Mississippi Senate passes ban on transgender health care for minors
The bill now heads to the governor's desk.
A bill banning gender-affirming care for people under the age of 18 is heading to the desk of Mississippi Gov. Tate Reeves.
The bill, passed by the Mississippi Senate on Tuesday, would restrict access to gender-affirming hormone therapy and puberty blockers for people age 17 or younger. The bill also passed the House in January.
In 2021, Reeves passed an anti-trans sports bill that barred transgender girls from playing on teams that align with their gender identity.
Reeves said in a tweet late Tuesday that he would back the effort: "I called for us to stop these sick experimental treatments, and I look forward to getting the bill."
If signed, Mississippi would be at least the fifth state to implement a law against gender-affirming care for minors. This includes Alabama, Utah, South Dakota, and Arkansas. Florida did not pass a law, but instead restricted this care via the state Board of Medicine.
Laws in Alabama and Arkansas are being battled in the courts.
Studies have shown that gender-affirming care is safe and effective for transgender or nonbinary youth, and that such care improve patients' mental health and self confidence.
LGBTQ people and activists say that gender-affirming care can be "life-saving" for transgender youth who already face higher risks of suicide, substance abuse, bullying and poor mental health outcomes due to discrimination.
Supporters of these bans suggest that transgender youth should wait until they are adults before making decisions about gender-affirming care. In other states, some proposed bills begin to restrict care even into young adulthood, up to the ages of 21 or 26.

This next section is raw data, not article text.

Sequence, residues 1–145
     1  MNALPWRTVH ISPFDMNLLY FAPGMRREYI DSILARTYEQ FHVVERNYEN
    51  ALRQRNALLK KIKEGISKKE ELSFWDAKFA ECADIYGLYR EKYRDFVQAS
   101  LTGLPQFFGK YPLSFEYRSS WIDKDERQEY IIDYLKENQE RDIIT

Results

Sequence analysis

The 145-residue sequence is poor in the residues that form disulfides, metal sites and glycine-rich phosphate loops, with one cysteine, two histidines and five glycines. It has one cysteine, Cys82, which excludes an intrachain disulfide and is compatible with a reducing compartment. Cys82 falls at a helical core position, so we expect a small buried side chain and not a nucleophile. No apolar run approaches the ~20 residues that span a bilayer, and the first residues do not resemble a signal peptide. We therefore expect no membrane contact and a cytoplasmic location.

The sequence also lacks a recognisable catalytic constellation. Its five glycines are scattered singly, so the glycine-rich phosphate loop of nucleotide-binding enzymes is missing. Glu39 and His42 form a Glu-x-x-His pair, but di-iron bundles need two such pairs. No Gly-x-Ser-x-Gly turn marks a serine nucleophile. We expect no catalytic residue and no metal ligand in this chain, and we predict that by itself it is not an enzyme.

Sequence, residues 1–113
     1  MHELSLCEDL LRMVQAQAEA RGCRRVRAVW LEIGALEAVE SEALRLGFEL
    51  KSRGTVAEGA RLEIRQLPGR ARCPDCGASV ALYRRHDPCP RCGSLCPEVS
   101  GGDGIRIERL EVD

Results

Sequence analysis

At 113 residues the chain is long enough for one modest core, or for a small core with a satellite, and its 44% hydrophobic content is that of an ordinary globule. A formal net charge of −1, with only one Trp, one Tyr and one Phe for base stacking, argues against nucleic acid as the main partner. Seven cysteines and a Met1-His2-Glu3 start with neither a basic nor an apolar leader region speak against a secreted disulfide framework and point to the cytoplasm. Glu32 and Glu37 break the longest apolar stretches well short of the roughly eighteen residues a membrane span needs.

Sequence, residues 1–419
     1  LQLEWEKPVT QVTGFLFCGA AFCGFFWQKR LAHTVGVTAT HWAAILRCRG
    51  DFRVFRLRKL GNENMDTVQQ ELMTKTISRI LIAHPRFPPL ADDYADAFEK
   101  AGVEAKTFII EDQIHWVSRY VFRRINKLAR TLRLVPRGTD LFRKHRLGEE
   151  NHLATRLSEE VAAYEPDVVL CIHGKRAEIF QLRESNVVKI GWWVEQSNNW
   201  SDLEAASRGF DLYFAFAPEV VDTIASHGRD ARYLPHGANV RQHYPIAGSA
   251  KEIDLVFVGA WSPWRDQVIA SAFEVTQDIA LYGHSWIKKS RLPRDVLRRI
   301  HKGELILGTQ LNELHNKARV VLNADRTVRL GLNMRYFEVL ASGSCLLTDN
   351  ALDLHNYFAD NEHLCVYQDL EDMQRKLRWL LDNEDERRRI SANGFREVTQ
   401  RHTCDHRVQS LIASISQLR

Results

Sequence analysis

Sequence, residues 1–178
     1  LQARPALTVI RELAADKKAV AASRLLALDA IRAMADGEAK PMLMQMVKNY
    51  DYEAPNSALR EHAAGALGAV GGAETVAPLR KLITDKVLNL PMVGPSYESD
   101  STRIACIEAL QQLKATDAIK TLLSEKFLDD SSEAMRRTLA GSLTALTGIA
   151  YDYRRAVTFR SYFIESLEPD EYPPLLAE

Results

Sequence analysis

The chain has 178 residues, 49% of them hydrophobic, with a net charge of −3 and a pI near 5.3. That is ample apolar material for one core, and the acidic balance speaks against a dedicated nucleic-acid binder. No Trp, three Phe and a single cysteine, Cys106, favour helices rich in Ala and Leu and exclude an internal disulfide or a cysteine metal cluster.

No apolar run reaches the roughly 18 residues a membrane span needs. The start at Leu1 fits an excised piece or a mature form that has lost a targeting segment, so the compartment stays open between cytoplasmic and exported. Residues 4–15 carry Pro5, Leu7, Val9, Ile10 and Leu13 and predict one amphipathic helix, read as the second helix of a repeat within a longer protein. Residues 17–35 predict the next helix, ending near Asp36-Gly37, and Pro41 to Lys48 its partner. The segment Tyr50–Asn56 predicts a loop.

Several major national medical associations recommend gender-affirming care, with the American Medical Association calling it "medically necessary."
Critics are urging Reeves to veto the bill.
"Mississippi lawmakers are insisting that they know what's best for transgender youth and ignoring the recommendations of every major medical association," said Jensen Luke Matar, Executive Director of The TRANS Program in Mississippi in a statement.
"Patients, along with their health care providers – not politicians – should decide what medical care is in the best interest of a patient. I know from years of working directly with trans youth in Mississippi that they need support, love, and affirmation – not this brazen political attack that cuts off their access to life-saving care," Matar continued.
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